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Tiziano Guardini: Three Days To Butterfly

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By Chiara Spagnoli Gabardi

When you think of Italy, what comes to mind? The bronzed, smiling men? Sumptuous food and wine? Or ancient history and art?

You may not think of ‘sustainable fashion’ yet, but designer Tiziano Guardini may soon change that. His perception of Italy focuses on two main elements: the beauty of the natural environment, and one of the country’s biggest industries, fashion. He tapped into these themes in recent exhibitions where he has shown, namely as part of The Elegance of Food: Tales about Food and Fashion, shown at the Art Space in the Chelsea market,at the Summer Fancy Food Show, at magnificent spaces of the Museum of the Mercati Traiani in Rome, and at the Milan Expo in 2015.

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Taking a cue from countryman Salvatore Ferragamo, who was a pioneer in the use of natural materials such as cork, raffia and hemp, Guardini uses simple, natural materials in his eco collections, such as pinecones and pine bark, used to create ‘couture’ dresses; raffa crochet, turned into ‘fringed’ handbags, and liquorice root to create women’s wear.

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But what really stands out for us is his use of what he calls “Aimsha” or “Gandhy Silk.” This vegan-friendly peace silk comes from the Himalayas and is obtained only once the silkworm larva had completed its metamorphosis “producing a thread with an irregular effect.” If you touched the diaphanous lightness of  the material, it feels like brushing your fingertips upon the wings of a butterfly, so no wonder the collection is called “Three Days to Butterfly.”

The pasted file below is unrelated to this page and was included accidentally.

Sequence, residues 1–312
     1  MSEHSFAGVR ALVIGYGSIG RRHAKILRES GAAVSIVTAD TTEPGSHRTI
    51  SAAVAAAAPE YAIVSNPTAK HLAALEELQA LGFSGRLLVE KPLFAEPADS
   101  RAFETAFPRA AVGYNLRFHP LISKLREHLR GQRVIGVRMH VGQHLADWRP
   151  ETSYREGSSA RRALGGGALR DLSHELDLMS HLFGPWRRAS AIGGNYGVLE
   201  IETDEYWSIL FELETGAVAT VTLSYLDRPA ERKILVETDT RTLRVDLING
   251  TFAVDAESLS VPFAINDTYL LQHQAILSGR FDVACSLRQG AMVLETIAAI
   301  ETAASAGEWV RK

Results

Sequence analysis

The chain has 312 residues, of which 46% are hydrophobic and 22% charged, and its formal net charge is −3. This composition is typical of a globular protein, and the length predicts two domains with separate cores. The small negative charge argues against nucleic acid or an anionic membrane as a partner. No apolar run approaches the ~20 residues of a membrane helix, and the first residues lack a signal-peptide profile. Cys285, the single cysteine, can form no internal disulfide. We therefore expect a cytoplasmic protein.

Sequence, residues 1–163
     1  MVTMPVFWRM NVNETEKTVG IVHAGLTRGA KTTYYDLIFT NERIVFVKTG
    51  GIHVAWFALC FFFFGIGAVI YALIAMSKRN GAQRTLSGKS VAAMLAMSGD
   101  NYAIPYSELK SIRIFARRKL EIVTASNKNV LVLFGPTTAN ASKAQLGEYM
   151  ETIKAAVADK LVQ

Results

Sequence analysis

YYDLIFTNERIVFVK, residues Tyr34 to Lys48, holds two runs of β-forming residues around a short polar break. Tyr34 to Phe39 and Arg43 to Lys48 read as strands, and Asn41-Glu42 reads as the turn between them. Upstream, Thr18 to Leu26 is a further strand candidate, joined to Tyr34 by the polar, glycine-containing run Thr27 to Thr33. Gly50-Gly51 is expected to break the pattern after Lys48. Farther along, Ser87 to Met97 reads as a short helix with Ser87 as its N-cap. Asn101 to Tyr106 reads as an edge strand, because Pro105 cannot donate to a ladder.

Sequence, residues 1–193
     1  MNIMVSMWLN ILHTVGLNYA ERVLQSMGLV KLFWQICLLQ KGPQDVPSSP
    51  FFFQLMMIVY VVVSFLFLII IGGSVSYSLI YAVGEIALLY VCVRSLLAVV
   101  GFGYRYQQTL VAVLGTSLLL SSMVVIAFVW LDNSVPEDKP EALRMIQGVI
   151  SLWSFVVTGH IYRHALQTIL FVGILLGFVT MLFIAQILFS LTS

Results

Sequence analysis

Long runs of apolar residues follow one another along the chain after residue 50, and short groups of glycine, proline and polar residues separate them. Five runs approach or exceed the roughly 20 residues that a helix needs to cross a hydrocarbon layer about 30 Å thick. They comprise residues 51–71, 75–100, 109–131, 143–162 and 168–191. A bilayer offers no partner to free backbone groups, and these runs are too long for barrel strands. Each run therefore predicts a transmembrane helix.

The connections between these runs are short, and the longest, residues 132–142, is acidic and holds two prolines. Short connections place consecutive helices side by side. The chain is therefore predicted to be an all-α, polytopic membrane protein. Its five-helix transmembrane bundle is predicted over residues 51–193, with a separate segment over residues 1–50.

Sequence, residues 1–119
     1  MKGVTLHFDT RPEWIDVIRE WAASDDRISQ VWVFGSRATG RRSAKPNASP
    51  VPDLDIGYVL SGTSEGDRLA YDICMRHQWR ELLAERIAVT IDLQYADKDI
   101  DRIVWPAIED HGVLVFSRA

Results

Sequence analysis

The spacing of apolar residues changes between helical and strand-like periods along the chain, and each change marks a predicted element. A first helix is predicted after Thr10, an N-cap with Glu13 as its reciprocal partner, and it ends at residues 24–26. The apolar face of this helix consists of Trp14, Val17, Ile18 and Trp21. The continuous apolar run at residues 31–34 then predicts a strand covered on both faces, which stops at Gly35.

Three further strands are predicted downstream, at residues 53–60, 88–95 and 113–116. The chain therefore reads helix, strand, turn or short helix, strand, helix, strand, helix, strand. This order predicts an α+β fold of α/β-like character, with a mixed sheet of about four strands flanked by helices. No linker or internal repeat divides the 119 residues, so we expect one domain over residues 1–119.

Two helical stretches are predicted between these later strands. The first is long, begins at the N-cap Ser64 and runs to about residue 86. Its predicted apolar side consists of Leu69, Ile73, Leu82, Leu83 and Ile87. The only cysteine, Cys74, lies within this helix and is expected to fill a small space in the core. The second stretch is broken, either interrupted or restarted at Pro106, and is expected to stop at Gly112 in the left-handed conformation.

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Guardini has used this silk to create a summer collection comprised of skirts, blouses, trousers, jackets, shorts and a maxi dress. This is not his first foray into the world of alternative silks; he has also created a full monochrome collection of ready to wear summer clothing for women using the soya fibres spun into a silky material. But ‘Three Days to Butterfly’ is something even more exquisite.

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What really stood out for me are the glamourous shaggy coats: these are personal favourites, and I would like to see this material used more often to replace the Mongolian lambswool that is normally used for such garments. Guardini has proven this is a far more sustainable, lightweight and beautiful textile, as well as being cruelty-free. With his eco-friendly yet high fashion approach to dressing, this young Italian designer truly does have the potential to revolutionise the fashion industry in his native land. Who knows: with designers like Guardini breaking ground, one day when asked what people think when they imagine Italy, ‘sustainability’ may also come to mind.

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